This is actually super ironic… because I seem to be going through a very similar thing (though opposite). My boyfriend and I would like to get married before I go to medical school, though I have no clue where I will be going (still haven’t heard anything). I have thought about going to school in the Caribbean (St. Maarten’s AUC), but I’m a little worried about what my boyfriend/future husband will do while we’re there. If you don’t mind me asking.. how do you deal with the finances? Did the two of you save a lot before heading over there or are you living off loans? I’ve been worried of the fact that my boyfriend likely wouldn’t be able to work in the Caribbean. He does have a degree in Business, but not sure that’ll help there. Thanks in advance!! Hope you still get to ride down there!

    • Letting Go of Expectations

      November 4, 2016 at 1:43 pm

      Hey!
      It is good to hear from you, and good questions! We do have some savings that we came down here with but we are doing it mostly off student loans. I admittedly don’t know much about the other islands and schools in the area, so apologies in advance about that! In Grenada, it is tough to get a work visa but it is not impossible. If you do end up in the Caribbean and he wants to look for work on the island, I would just advise him to be careful and make sure that he gets the proper visa/documents before beginning work. I do know people who were able to continue work online for the jobs that they had before coming down here, so that may be another possibility! St. George’s University has a really awesome, active SO (Significant Others) group that plans weekly social, volunteer and family events. It has been a great way for me to meet other people who are in the same position, and it has been a lot of fun. If that type of group is something he might be interested in I would encourage you to see if the schools that you are applying to have a similar program! For me, I think it has really made a difference in how much I am enjoying the time that we are here, rather than feeling stuck here. Unfortunately, there are very few horses in Grenada, but I’m sure I will get lots of horse time when I come back to visit! I hope that helps and I would be happy to answer any other questions that you have!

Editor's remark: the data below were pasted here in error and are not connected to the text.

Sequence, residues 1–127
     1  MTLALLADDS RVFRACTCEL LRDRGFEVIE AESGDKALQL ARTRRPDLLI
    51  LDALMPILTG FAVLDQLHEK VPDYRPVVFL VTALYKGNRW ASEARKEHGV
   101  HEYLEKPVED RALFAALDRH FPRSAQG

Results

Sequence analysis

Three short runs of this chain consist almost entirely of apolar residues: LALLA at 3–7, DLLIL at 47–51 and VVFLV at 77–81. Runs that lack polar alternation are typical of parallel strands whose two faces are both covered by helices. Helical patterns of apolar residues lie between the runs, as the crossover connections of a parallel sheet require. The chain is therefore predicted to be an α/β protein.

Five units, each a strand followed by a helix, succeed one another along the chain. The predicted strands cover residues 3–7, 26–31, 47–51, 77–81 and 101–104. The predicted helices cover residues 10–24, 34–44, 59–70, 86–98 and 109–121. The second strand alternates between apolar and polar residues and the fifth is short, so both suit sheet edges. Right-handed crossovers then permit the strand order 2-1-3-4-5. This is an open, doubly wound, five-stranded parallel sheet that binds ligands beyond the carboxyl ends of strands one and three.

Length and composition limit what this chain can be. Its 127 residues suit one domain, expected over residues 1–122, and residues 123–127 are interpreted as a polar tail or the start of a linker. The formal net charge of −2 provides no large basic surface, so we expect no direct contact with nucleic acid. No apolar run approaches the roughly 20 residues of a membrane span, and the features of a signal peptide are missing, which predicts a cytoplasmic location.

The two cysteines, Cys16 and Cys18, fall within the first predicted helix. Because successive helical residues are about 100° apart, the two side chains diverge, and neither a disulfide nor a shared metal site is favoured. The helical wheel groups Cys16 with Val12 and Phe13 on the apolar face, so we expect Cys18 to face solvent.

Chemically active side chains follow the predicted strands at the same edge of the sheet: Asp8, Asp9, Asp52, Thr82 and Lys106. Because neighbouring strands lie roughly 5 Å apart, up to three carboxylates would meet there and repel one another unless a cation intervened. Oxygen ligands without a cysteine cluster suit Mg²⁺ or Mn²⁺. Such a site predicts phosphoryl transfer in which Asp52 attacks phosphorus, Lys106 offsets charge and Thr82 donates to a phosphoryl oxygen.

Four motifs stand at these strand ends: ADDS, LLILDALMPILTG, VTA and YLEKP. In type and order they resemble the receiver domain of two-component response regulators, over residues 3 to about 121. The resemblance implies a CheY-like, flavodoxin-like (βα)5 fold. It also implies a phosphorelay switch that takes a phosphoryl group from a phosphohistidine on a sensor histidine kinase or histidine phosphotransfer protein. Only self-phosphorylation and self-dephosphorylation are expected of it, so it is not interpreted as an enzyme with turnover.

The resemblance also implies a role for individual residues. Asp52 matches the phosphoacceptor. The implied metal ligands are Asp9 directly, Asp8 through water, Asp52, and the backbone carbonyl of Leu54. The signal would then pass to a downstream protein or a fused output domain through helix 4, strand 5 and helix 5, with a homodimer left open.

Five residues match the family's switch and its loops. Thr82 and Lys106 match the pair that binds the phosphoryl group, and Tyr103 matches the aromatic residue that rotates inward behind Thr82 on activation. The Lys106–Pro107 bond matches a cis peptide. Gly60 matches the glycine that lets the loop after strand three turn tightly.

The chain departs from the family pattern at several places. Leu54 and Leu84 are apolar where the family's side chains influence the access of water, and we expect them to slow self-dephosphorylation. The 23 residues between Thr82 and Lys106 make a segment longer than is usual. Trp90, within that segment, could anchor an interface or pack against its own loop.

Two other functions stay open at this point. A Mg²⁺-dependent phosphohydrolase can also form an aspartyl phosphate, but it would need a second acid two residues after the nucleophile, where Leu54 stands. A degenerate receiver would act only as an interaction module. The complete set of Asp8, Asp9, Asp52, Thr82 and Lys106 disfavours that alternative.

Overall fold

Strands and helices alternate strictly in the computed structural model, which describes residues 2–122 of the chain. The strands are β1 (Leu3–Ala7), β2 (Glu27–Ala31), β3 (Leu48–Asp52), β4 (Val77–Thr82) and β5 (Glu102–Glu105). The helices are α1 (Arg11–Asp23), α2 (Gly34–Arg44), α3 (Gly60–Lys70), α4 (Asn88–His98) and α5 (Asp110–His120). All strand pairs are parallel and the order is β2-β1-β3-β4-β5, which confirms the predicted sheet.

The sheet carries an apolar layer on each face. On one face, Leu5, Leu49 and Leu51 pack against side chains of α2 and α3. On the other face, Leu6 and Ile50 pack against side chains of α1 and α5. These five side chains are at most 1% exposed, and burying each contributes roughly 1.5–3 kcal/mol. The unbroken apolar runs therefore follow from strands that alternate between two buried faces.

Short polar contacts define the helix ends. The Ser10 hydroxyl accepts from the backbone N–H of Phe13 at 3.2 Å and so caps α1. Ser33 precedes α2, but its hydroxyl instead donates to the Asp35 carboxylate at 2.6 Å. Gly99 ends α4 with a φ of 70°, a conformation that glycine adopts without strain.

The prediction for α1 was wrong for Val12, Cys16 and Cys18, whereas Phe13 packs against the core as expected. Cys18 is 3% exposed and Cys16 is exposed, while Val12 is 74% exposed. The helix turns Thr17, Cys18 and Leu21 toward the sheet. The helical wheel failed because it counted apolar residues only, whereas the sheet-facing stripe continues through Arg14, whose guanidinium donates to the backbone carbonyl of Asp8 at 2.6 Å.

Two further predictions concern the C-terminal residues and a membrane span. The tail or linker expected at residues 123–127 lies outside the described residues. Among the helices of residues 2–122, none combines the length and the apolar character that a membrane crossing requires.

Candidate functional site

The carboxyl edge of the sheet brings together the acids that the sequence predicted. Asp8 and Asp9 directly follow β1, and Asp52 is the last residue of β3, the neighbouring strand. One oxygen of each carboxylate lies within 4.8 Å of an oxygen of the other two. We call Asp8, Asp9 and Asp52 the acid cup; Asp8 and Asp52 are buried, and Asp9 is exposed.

• Thanks!!! Hopefully everything falls into place and I’ll be able to go to med school close to home, but we’ll see. Loving the blog! 🙂

  2. I loved this post, and I am happy you realized it wasn’t gender based, but a single path based on respect.

    • Letting Go of Expectations

      November 4, 2016 at 5:24 pm

      I will never forget the advice that my great-grandmother gave me on the day I got engaged. She said that the most important part of a relationship is mutual respect. It is the most valuable piece of relationship advice I have ever received.

Leave a Reply

Your email address will not be published.

*